“According to the usual pattern, she was educated at home with a series of governesses, and a weekly parade of drawing and dancing masters. Boarding schools, although increasingly popular as the century waned, were considered not quite good enough for gentry, since they were now infiltrated by rich merchants’ daughters in pursuit of the social graces of their superiors. It was much more genteel to be educated at home. The curriculum included English literature, a little geography, a very little arithmetic, and a smattering of languages, particularly French. At least half the time, however, was devoted to ‘accomplishments’, which included lessons in painting, music, embroidery and deportment. ‘Accomplishments’ were considered essential bait with which to trap a husband. Young ladies, after all, were educated for matrimony; there were no careers open to them, although it was considered respectable for gently born but impoverished spinsters to turn their hand to governessing, or to novel-writing.”
~ from The Embroidered Tent: Five Gentlewomen in Early Canada, by Marian Fowler (Anansi, 1982)
Am loving this book. Have read only the section on Elizabeth Simcoe so far, who I was prepared to label an entitled heiress [which of course she was] and dislike her for that reason. Turns out that despite her not so endearing trait of having zero compassion for underlings, or pretty much anyone of ‘lower class’, she was completely and utterly enchanted by the Canadian wilderness and heartbroken when her boring, whinging and militaristic husband John, decided to return to England. Her marriage was pretty loveless but for the [scads of] children [though children at that level of society were no trouble once ‘produced’ as they were farmed out to wet-nurses and nannies and had only a daily appointment with mother] and there’s a suggestion that she either had an affair, or thought about it a fair bit, with a much more upbeat and outdoorsy chap who lived on the shores of Lake Erie.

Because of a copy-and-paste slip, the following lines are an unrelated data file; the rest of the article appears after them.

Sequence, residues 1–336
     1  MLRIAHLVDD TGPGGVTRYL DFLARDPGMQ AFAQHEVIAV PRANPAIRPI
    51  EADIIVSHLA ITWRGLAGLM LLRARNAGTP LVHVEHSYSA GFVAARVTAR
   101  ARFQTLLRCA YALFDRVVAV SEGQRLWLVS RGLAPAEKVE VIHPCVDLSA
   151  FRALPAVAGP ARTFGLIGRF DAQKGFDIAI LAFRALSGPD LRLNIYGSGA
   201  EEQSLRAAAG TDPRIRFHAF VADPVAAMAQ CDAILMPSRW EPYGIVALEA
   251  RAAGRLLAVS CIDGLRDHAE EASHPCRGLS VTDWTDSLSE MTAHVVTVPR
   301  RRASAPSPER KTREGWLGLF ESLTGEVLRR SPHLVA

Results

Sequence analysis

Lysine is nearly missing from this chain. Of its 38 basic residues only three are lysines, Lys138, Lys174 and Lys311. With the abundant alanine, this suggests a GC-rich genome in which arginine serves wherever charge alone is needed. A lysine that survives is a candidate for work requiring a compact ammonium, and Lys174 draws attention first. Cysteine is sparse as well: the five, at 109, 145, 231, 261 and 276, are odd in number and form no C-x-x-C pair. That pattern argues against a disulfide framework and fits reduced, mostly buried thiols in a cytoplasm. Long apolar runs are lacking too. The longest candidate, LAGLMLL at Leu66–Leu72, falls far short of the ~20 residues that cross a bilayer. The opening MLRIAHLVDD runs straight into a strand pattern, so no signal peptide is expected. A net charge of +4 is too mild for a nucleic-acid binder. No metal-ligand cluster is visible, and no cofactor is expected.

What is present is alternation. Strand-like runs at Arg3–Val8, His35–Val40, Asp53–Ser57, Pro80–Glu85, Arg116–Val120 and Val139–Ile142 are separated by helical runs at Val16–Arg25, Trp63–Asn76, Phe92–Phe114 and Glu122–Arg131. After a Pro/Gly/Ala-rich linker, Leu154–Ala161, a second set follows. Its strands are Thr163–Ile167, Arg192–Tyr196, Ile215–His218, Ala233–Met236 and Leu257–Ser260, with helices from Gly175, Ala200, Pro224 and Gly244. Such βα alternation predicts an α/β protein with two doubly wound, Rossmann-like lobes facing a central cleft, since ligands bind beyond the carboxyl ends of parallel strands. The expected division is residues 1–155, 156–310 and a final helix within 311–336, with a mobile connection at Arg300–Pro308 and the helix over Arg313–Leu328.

She was, it seems, a woman once the epitome of British upper class sensibility, raised to be ‘proper’, who discovered the joy of wading barefoot through a stream, who was never happier than when her husband went on extended sojourns, who learned to drive a wagon on her own over rough roads and who was only too happy to give up the daily round of social engagements and fancy dress balls she once enjoyed in order to watch eagles soar, seasons change, to paint fearlessly on the edge of Niagara Falls as her tight, precise watercolours changed to a wilder and freer style. She could have lived anywhere in Upper Canada but chose to build a home, ‘Castle Frank’, near the Don River, in a spot that, at the time, was no where near ‘civilization’. And then she obligingly gave it all up to return [at her husband’s insistence] to ‘society’ back in the U.K. where she ‘did her duty’ but apparently never completely embraced that world again…
Some of her paintings are in the British Museum, others, in the Province of Ontario Archives.
Read this for origins on the word spinster.
5 thoughts on “impoverished spinsters may apply”
This sounds good!
If you liked Susanna Moodie’s ‘Roughing it in the Bush’, you’ll love it. The variety of perspectives makes it especially interesting.
I love this book so much — haven’t read it in so long that I should really pick it up again!
Something about reading at this time of year appeals to me. Imagining these women surviving their first Canadian winter…
And p.s. Merry Xmas to you!